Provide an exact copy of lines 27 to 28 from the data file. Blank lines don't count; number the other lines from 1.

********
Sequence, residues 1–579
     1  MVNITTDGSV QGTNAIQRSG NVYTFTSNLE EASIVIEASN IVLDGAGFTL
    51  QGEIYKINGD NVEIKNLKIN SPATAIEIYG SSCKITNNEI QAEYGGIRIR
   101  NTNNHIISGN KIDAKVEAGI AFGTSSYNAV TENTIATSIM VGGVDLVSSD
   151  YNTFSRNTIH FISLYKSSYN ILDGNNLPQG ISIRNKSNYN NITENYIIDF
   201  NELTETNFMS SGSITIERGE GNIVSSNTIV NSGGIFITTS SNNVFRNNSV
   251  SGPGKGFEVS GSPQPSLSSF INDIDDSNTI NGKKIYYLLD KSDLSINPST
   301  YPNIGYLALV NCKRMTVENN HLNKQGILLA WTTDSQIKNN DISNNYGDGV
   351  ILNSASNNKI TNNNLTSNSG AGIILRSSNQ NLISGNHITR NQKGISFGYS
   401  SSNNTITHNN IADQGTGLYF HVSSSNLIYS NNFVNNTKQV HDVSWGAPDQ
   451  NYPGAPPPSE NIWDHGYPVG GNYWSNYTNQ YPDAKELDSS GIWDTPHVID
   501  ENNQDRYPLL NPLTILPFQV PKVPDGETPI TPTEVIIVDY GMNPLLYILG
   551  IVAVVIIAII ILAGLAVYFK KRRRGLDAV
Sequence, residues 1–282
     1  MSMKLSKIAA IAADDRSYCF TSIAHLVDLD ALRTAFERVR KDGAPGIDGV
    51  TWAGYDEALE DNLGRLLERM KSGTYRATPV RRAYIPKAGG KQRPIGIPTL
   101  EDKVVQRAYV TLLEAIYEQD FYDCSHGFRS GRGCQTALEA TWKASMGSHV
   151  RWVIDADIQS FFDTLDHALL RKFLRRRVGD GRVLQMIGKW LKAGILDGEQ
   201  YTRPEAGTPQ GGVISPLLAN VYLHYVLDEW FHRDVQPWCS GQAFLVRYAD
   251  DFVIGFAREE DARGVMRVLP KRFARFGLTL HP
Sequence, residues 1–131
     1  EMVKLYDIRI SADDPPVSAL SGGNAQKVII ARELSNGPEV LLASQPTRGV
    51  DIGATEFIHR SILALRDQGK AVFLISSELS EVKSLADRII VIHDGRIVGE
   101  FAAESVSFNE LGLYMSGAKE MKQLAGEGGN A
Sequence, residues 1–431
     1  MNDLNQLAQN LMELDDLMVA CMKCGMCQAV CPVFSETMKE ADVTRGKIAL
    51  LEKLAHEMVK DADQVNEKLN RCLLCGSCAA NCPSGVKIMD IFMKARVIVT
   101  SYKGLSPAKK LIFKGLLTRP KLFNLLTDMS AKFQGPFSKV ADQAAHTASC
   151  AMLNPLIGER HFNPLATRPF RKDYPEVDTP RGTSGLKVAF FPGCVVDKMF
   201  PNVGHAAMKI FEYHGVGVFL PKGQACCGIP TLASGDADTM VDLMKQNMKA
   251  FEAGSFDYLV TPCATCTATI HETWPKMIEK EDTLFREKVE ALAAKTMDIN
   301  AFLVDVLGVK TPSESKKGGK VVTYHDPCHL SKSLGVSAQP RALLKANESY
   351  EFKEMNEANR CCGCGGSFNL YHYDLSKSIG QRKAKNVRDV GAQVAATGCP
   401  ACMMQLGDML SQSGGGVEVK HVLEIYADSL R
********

    51  LEKLAHEMVK DADQVNEKLN RCLLCGSCAA NCPSGVKIMD IFMKARVIVT
   101  SYKGLSPAKK LIFKGLLTRP KLFNLLTDMS AKFQGPFSKV ADQAAHTASC